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Can 5-HTP Help with Sleep?
May 26, 2014 12:57 PM
What is 5-HTP
5-HTP (5-Hydroxytryptophan) is a compound which is produced naturally in the body via the means of the amino acid tryptophan. Even though this compound is already present in the body, researchers have found that we can benefit by having more of it. This has resulted in several supplement companies producing this compound from the seeds of an African plant known as Griffonia simplicifolia; 5-HTP can now be found in many health food and drug stores.
Benefits of 5-HTP
Even though there still hasn't been much research done regarding this supplement, we can still see that there are many uses for it. However, there is sufficient evidence out that shows 5-HTP is effective in treating depression and fibromyalgia, which means improved mood, reduced pain, better joint health, and better quality of sleep. To elaborate on the sleep benefits, 5-HTP increases serotonin levels which are converted into melatonin (a hormone which helps keep sleep cycles under control) through the body. There is also some evidence to suggest that this supplement can reduce anxiety as well as help promote weight loss in obese people.
So there is some great evidence to suggest that this supplement can help to improve our mood, quality of sleep, health and much more. However there is a slight downside, because of the limited amount of research done on this compound it is currently considered possibly unsafe to use. Potential side effects of 5-HTP include muscle ache/pain, heartburn, nausea, vomiting, drowsiness, stomach pain, and also a serious condition known as eosinophilia myalgia syndrome – a rare flu-like condition. Drug interactions can take place also; you should stay away from 5-HTP especially if you are taking any anti-depressant medication as these often increase serotonin levels which may result in too much serotonin in the body.
This supplement has many benefits and there has been research done to prove that it is effective in treating many problems such as insomnia, depression, fibromyalgia, anxiety, weight loss and more. However, it is recommended that you stay away from supplementing with 5-HTP because of the limited research done.
Why Is George's Aloe Vera By Warren Labs Better Than Other Brands?
January 10, 2013 12:50 PM
Since time immemorial, the succulent Aloe Vera plant has been an eminent medicinal plant with a worldwide recognition. The soothing effect, rejuvenating irritated membranes, moisturizing the skin and easing constipation have been some of the undisputed health benefits that makes Aloe Vera gel a worthy supplement and cosmetic product's constituent. Recent research also shows that Aloe Vera extracts have a notable efficacy in lowering blood glucose and blood lipid levels.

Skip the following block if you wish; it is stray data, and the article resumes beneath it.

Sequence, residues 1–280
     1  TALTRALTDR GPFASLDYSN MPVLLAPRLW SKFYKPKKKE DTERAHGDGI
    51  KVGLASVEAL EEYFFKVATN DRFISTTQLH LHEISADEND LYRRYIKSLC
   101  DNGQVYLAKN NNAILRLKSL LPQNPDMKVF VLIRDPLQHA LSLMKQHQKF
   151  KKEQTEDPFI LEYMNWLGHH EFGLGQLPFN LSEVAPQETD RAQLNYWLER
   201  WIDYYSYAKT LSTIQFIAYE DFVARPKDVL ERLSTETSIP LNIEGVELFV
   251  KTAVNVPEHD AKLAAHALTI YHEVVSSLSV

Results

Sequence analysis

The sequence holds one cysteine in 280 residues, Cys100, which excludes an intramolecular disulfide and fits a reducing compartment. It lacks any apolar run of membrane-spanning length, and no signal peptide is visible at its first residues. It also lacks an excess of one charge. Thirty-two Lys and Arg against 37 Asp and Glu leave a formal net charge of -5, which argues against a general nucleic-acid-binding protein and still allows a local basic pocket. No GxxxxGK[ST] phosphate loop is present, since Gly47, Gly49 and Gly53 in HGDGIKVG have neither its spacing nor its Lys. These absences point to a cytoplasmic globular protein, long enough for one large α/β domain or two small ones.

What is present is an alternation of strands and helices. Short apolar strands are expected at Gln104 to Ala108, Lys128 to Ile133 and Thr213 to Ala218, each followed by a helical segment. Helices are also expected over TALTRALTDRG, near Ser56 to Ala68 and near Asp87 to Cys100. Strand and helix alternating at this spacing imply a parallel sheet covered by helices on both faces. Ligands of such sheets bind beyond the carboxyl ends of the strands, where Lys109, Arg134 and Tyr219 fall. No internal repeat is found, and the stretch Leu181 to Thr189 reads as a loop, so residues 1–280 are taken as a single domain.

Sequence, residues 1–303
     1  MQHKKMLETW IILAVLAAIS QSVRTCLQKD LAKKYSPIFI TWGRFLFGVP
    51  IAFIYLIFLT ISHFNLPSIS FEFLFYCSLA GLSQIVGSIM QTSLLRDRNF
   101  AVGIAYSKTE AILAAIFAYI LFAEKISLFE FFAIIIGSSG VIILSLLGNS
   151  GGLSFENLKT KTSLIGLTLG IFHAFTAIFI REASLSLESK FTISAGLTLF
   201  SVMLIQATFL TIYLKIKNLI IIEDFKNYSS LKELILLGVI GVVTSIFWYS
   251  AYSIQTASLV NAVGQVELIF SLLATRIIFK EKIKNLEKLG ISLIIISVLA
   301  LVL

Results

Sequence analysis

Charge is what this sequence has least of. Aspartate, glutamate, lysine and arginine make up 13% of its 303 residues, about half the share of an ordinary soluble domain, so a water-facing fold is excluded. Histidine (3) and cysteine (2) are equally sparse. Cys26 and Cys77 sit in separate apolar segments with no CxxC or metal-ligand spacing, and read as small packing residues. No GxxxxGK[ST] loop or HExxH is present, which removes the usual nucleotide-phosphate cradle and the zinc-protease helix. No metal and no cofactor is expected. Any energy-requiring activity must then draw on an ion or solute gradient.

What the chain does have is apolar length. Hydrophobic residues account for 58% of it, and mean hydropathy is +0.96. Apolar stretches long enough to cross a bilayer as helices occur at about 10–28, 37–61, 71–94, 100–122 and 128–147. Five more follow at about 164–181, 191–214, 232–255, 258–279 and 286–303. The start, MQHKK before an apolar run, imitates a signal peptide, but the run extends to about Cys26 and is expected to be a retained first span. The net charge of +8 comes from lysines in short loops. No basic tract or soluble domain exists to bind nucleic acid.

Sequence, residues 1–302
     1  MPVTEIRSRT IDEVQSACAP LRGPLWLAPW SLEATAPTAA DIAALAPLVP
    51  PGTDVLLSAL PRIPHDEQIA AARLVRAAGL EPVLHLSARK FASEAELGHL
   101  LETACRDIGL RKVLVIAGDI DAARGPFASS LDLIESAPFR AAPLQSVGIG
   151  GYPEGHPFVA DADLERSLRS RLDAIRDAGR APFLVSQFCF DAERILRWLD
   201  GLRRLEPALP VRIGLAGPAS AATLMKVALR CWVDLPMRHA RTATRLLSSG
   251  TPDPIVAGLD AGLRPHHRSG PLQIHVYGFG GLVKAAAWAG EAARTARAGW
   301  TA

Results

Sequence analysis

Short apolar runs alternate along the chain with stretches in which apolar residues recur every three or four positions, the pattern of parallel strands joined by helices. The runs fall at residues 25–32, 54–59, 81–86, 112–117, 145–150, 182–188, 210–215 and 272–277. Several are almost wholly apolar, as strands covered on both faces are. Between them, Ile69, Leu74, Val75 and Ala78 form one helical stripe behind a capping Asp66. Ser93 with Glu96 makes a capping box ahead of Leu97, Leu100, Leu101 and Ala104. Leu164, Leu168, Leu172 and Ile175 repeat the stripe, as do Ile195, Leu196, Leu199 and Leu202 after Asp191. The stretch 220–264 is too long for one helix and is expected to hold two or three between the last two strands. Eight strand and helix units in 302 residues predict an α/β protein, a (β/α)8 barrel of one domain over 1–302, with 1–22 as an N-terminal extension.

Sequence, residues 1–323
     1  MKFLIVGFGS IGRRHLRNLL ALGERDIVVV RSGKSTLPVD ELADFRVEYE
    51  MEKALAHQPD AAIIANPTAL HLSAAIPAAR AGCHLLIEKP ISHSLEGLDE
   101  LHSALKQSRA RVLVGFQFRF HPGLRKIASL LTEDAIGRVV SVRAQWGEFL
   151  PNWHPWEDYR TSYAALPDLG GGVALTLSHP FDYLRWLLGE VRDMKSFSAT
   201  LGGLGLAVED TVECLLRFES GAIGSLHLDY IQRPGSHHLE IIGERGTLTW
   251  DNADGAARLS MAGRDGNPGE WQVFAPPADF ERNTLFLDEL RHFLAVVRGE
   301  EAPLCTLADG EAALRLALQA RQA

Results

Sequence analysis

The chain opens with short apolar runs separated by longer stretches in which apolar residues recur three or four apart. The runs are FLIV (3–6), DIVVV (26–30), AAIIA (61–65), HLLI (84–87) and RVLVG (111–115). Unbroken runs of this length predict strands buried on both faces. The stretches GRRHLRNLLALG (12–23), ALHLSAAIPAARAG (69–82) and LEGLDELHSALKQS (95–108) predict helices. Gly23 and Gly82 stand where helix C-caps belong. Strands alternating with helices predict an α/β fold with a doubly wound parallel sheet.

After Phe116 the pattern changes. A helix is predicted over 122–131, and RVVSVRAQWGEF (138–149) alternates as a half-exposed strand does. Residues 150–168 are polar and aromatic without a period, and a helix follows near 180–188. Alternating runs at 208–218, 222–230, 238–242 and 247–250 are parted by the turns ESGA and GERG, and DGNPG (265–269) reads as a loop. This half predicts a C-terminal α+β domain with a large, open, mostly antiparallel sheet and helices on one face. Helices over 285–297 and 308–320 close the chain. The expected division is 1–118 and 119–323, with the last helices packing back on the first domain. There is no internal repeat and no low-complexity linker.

Studies however depict that the varied Aloe Vera species differ in some biochemical constituents and composition which makes some species better than others for a specific use. Georges Aloe Vera produced by Warren Labs specifically selects the species that are best suited for a given use. For instance, their George's Always Active Aloe Vera drink is made from Aloe barbadensis species which has been noted to be the most beneficial in rejuvenating mucal membranes that lines the GIT, effectively eases and prevents constipation without any irritation and also lowers blood lipid levels.
Unlike other manufacturing processes employed by other Aloe supplement producers, George's Aloe Vera employs fractional distillation method to obtain the most beneficial constituents and gives Georges Aloe Vera drink the characteristic clear and thin feel. This process is primarily intended to get rid of the Aloe Vera's aloins and anthroquinones which irritate the GIT manifested by cramping and diarrhea. The distillation process also makes the drink easy to preserve since most of the Aloe Vera's constituents which may necessitate special storage or addition of additives are discarded off.
This yields a pleasantly tasting drink with no additives or preservatives added. For optimal health benefits of this supplement, the manufacturer recommends a consistent daily intake of 2 ounces twice a day, and thus a gallon pack is always enough to use for a month. However, even though most of the Aloe Vera's constituents which produce considerable drug interaction implications are distilled off, consulting your doctor before using the supplement while under medication is always worthwhile.
What Is Monolaurin And What Are Its Health Benefits?
December 29, 2012 10:38 AM
Get An Immune Boost:
Man has made a big leap as far as science and pharmacology are concerned, but there are still a lot of substances useful to human health that are waiting to be discovered. There are also those substances naturally occurring but whose pharmacological properties have not yet been explored. Monolaurin, for instance, is a naturally occurring substance whose use in human health has only been lately discovered.
Monolaurin, also called glycerol monolaurate and glyceryl laurate, is a 12-carbon fatty acid as well as a monoglyceride. Although it is a derivative of coconut oil, it is most commonly prepared as a lauric acid mono-ester. Aside from coconut milk, it is also present in human breast milk, which is known to function as an immune protection passed on from mother to child after childbirth. The potency of breast milk as an immune barrier is evidenced by the stunted growth and frequency of infections seen in infants deprived of breast milk. But, all this is old information.
What's new about monolaurin?
Known Uses of Monolaurin:
Before we get to new information, it's important to look into the discovery of monolaurin. Way back in the 1960's, then University of Detroit professor Jon Kabara made an important discovery - that the combination of lauric acid and glycerol can be used in fighting germs. First marketed as a dietary supplement called Lauricidin, it was soon marketed by other pharmaceutical companies, but Lauricidin remains its most potent and purest form.